A statutory “disclaimer” may be filed to either totally disclaim one or more claims of the patent, or to disclaim the entire term or any terminal part of the term of the patent (i.e., a “terminal disclaimer”).1
A disclaimer of one or more of the claims in the patent may be desired by the patentee after patent issuance, or even after a decision in a district court infringement action or declaratory judgment action finding one or more of the claims of the patent to be invalid. The disclaimer must be made with respect to a complete claim, not part of a claim. It is permissible to maintain a dependent claim which depends from a disclaimed independent claim. The patent owner, with the payment of the appropriate fee, may disclaim one or more of the claims found to be invalid by filing a disclaimer in writing for recordation in the USPTO.2 Thereafter the filed disclaimer will be considered as part of the original U.S. patent.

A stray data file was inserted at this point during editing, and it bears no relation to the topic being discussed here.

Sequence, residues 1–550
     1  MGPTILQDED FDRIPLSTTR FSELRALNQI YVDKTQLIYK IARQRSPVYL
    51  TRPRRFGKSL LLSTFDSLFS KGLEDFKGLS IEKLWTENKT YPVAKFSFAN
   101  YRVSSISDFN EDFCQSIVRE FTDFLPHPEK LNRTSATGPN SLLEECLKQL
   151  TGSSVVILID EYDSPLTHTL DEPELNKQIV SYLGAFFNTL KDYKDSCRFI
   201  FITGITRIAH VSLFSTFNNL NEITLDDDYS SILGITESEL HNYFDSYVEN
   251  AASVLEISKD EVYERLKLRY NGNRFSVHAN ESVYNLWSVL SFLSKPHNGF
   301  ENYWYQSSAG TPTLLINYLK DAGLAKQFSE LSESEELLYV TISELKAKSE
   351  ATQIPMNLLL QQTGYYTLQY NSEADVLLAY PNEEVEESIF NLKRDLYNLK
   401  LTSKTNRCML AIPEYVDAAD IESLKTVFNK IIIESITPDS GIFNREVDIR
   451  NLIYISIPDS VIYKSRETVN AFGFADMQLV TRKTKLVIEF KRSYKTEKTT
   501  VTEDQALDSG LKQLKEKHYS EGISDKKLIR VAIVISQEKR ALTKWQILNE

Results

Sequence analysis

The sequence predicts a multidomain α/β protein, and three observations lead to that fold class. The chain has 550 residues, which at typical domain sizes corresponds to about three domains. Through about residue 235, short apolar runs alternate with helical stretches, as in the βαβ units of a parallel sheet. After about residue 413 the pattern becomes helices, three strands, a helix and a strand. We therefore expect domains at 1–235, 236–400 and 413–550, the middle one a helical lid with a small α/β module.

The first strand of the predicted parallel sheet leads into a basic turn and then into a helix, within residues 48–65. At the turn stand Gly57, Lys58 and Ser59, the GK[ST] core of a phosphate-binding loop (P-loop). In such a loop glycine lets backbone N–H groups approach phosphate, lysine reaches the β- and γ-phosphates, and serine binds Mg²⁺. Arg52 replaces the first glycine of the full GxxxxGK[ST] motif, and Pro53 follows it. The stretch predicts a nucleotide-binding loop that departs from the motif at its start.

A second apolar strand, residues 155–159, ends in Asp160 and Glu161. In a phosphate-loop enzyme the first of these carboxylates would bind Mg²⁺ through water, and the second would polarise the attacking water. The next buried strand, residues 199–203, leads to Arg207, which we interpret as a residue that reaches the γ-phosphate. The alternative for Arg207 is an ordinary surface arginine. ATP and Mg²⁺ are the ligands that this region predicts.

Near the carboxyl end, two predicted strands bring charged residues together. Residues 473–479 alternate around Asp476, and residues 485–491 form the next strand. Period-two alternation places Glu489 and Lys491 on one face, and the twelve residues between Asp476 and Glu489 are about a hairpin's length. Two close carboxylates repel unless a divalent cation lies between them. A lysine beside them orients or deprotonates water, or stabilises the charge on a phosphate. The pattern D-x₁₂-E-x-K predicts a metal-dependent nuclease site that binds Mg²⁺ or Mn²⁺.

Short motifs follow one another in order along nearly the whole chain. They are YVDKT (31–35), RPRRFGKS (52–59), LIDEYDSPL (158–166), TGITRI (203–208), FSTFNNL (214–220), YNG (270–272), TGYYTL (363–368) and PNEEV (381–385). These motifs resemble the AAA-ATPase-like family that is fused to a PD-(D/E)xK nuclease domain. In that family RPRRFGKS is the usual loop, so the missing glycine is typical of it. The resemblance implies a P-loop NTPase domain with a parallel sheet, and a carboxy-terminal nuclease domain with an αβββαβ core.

A patentee usually files a terminal disclaimer to disclaim the terminal part of the term of a granted patent if the patentee desires to remove an issue regarding double patenting.3 This type of terminal disclaimer filed with respect to a granted patent is essentially the same as that used for overcoming obviousness-type double patenting rejections encountered during prosecution of an application. It is important to note that terminal disclaimers affect not only the term of any patent granted on a patent application in which a terminal disclaimer is filed, but also restrict the right of the common assignee executing the terminal disclaimer to sell the patent rights of the granted patent to another while retaining the patent rights to the patent with respect to which the terminal disclaimer is made. In other words, both patents have to remain commonly assigned throughout their patent term.
- 35 United Stated Codes (“U.S.C.”) § 253 and 37 Code of Federal Regulations (“C.F.R.”) § 1.321.
- 37 C.F.R. § 1.321(a).
- 37 C.F.R. § 1.321(b).